Human infection by Mycobacterium tuberculosis is endemic, with approximately 2 billion infected people worldwide. Because of the slow doubling time of M. tuberculosis and the risk of infection to researchers, other mycobacterial species like Mycobacterium marinum have been employed as a surrogate pathogen. M. marinum has a sequenced genome and is closely related to the M. tuberculosis complex. It has been shown to confer human TB-like chronic infection and pathology in some fish, such as the Japanese medaka (Oryzias latipes). Medaka also has a sequenced genome and has served as a laboratory fish model for toxicology, genotoxicity, etc. We have shown that the Medaka- M. marinum can model TB-like chronic infections and disease presentation. We have developed an approach of infection by utilizing larvae of Aedes aegypti (yellow fever mosquito) as vessels for the delivery of the bacteria to medaka. The passage of M. marinum through the caustic environment of the gastrointestinal tract of Mosquito larvae has been shown to increase the virulence of the bacteria when compared to using bacteria from culture. In addition, bacteria incubated in extracts of the macerated tissues of the mosquito larvae have also shown to activate bacteria comparable to the passage of M. marinum through the gastrointestinal tract of live mosquito larvae.
We have used Medaka-M. marinum model to study the fitness of mutants carrying defects in established virulence genes as well as novel mutant strains when compared to the wild-type reference strain when inoculated to the same animal. In this approach, the survival of the infected fish and colonization of the host organs were monitored as end points and bacteria were introduced through IP injections as well as an oral route of infection. Randomly isolated by Transposon mutagenesis, mimI mutant of M. marinum was previously shown in in vitro studies to be impaired in attachment and growth inside a macrophage was also shown to be severely defective in colonization in vivo when compared to the wild-type. Although the role played by mimI is not known, the in-silico and molecular characterization of its product is in progress.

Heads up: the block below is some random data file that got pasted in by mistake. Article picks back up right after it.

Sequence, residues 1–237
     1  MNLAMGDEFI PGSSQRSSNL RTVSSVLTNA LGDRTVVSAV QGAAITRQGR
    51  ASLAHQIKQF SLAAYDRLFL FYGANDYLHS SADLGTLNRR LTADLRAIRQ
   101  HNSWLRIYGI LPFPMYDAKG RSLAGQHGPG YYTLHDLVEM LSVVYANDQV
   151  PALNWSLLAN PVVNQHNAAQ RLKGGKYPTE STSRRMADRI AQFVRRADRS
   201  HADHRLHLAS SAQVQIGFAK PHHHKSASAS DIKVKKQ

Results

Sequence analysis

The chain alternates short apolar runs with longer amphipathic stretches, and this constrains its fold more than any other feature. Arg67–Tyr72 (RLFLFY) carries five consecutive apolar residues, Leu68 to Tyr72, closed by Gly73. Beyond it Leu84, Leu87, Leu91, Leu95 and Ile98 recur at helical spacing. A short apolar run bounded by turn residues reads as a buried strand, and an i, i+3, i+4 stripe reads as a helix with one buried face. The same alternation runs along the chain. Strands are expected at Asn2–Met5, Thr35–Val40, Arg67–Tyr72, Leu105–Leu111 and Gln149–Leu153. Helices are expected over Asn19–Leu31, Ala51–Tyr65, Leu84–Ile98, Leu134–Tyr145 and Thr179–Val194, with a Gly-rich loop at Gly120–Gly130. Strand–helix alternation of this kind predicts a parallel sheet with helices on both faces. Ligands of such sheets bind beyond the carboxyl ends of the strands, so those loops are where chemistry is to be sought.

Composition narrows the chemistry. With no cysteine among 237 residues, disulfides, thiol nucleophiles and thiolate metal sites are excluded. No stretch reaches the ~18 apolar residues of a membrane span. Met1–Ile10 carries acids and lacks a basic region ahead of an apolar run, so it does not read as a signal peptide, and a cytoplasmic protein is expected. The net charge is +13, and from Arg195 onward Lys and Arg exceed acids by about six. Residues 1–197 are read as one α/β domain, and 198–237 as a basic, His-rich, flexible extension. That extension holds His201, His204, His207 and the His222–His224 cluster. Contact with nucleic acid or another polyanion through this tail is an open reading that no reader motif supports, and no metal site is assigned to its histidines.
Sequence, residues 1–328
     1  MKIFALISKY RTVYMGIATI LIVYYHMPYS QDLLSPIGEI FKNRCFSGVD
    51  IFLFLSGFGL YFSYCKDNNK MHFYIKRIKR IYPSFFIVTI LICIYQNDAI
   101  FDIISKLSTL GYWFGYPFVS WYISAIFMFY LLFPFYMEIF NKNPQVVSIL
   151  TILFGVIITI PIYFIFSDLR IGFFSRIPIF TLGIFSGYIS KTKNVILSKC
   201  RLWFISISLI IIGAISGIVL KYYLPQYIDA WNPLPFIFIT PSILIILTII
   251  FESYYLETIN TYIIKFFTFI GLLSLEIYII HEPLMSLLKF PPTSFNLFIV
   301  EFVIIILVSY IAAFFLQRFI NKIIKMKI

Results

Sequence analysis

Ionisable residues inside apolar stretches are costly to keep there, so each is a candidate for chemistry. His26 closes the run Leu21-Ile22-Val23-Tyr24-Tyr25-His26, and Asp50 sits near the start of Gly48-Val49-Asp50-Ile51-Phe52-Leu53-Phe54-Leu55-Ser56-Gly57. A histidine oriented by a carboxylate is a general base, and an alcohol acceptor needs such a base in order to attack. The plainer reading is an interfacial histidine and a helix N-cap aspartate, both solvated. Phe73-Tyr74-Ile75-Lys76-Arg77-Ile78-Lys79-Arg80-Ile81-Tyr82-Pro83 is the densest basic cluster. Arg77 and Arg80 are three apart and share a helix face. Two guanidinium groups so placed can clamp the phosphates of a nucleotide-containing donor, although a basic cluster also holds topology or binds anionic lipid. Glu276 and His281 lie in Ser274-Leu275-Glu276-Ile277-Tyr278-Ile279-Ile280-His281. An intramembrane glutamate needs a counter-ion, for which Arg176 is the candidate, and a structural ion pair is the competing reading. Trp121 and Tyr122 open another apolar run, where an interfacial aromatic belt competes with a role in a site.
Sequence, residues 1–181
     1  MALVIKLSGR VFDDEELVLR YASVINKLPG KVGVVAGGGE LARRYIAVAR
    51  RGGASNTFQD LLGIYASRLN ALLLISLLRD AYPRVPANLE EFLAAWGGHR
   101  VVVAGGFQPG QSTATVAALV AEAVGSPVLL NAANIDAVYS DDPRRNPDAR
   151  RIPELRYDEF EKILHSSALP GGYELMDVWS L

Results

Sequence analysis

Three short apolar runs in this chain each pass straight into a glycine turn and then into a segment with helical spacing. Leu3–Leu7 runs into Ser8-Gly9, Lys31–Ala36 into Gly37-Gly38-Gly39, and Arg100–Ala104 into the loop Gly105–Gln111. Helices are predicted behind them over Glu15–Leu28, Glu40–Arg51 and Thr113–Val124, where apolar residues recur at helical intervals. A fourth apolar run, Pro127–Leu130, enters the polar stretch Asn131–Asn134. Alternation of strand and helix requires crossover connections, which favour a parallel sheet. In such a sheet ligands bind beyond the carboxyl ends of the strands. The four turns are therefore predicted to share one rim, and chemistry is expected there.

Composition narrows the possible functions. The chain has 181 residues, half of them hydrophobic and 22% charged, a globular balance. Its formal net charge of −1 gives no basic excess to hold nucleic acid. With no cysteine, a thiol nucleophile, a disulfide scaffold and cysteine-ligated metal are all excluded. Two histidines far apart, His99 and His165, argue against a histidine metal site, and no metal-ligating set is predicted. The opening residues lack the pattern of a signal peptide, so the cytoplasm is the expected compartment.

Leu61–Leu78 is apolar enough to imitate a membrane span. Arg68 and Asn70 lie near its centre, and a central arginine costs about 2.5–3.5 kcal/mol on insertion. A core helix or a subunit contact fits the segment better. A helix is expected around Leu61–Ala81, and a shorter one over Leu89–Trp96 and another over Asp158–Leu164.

|Advisor:||Ennis, Don G.|
|Commitee:||Chistoserdov, Andrei, Deaton, Lewis, Harrison, Lynn, Watson, Glen M.|
|School:||University of Louisiana at Lafayette|
|School Location:||United States -- Louisiana|
|Source:||DAI-B 76/08(E), Dissertation Abstracts International|
|Keywords:||Genotoxicology, Infection, Toxicology, Tuberculosis|
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